For information on the Guys Lit Wire Book Fair for Ballou Sr High School in Washington DC, please see our post from last week. Over 100 books have been bought from the Powells wish list thus far! -CM It being October, it means that Halloween is right around the corner. Although Halloween has become associated with scary stories, it is more rightly associated (historically) with the telling of stories. Period. And what better stories than those found in The Complete Tales and Poems of Edgar Allan Poe?
Poe, after all, invented detective fiction in the English-speaking world with his creation of C. Auguste Dupin, the detective in "The Murders in the Rue Morgue". (Dupin appeared in additional stories, "The Mystery of Marie Rogêt" and "The Purloined Letter". "The Murders in the Rue Morgue" feature a grisly double murder, made all the more baffling by occurring inside an inaccessible fourth-floor room that is locked from the inside. Ear-witnesses agree that they heard the attack, but cannot place the language used by the attacker. Dupin and his friend (the unnamed narrator) sort out what actually happened. Dupin, it should be noted, is not actually a detective, any more than Sherlock Holmes is - he is just a guy with an interest in learning the truth of the matter, who has the time and ability to track things down. Dupin is, in fact, a prototype for both Holmes and for Agatha Christie's detective, Hercule Poirot.
But Poe didn't stop with mysteries. His short stories include quite a lot of horror. There are macabre tales such as "The Cask of Amontillado", in which a murderer recounts how, 50 years ago, he exacted revenge on his "friend" for a perceived slight - by chaining and walling him inside the wine cellar to die, and the equally gruesome "The Tell-Tale Heart", also recounted by the murderer, who tries to convince the reader that he is sane while describing his unhinged behaviors. Stories such as "The Pit and the Pendulum", about torture during the Spanish Inquisition, and "The Facts in the Case of M. Valdemar", which at first was published as a true account of the temporary suspension of death by mesmerism, dispensed with supernatural factors, but still manage to terrify.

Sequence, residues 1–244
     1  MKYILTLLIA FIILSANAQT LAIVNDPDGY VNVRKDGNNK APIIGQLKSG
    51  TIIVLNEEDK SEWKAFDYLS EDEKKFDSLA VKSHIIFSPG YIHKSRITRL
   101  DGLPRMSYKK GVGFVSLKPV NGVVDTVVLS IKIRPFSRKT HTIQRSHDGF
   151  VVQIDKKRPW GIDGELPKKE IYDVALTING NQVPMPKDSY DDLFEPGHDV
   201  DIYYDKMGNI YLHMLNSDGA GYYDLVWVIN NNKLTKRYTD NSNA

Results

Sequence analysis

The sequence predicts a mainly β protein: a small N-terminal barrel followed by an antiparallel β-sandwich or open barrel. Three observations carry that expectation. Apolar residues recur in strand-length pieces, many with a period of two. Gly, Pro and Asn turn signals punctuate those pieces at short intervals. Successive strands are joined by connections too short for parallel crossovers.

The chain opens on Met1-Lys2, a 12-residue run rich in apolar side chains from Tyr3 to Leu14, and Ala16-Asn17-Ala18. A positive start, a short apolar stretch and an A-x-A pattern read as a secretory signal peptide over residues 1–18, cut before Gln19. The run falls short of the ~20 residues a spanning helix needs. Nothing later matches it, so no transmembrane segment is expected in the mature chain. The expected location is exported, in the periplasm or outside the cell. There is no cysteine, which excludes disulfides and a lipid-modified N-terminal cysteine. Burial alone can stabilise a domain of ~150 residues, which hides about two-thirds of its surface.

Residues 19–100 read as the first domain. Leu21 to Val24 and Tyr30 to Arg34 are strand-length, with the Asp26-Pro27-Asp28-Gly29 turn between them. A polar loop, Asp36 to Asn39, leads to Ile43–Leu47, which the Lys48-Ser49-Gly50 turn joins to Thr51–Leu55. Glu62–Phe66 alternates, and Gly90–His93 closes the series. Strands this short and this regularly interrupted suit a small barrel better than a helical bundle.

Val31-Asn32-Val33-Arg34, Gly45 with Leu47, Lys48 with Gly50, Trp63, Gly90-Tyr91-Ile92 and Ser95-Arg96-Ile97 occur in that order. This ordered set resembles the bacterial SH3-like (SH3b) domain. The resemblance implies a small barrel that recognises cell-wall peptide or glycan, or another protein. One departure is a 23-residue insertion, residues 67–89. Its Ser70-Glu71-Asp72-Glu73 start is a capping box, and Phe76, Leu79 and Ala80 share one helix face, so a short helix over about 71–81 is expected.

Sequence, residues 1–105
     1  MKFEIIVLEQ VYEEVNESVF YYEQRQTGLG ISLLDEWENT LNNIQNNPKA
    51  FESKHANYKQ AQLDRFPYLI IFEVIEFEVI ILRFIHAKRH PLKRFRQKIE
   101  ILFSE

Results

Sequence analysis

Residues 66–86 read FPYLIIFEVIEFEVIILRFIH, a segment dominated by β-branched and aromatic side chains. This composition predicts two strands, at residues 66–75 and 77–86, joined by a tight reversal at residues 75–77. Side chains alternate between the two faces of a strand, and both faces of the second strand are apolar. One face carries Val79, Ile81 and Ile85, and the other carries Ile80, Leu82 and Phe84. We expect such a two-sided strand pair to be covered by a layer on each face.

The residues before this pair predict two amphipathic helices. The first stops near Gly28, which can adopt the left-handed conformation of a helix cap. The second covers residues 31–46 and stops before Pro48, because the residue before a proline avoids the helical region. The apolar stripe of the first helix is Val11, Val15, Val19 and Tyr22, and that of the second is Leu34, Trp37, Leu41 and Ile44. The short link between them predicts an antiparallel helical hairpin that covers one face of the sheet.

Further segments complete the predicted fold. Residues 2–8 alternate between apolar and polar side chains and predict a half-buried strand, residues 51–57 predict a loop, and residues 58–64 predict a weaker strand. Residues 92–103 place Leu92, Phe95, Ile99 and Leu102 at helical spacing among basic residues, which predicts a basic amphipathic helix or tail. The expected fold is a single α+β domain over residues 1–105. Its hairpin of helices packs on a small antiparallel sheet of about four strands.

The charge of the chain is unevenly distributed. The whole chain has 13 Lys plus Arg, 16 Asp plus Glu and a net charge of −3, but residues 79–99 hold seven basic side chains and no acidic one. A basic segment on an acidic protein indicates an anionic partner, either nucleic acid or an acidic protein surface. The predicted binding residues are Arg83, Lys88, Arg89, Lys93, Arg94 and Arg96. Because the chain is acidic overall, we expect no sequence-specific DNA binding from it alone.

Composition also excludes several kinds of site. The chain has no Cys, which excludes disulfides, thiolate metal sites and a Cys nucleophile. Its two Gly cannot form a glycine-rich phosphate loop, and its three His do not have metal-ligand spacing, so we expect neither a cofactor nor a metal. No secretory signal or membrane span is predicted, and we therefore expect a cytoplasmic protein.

And Poe also wrote nascent science fiction (at a time before such a thing technically existed), in "The Unparalleled Adventures of One Hans Pfaal", about a flight to the moon.
The book includes Poe's poems, as well. Some of them are short and (almost) sweet, but two of his better-known poems are rather long, and decidedly forlorn: "The Raven" and "Annabel Lee".
For short stories that will live long in memory, you just can't beat Poe.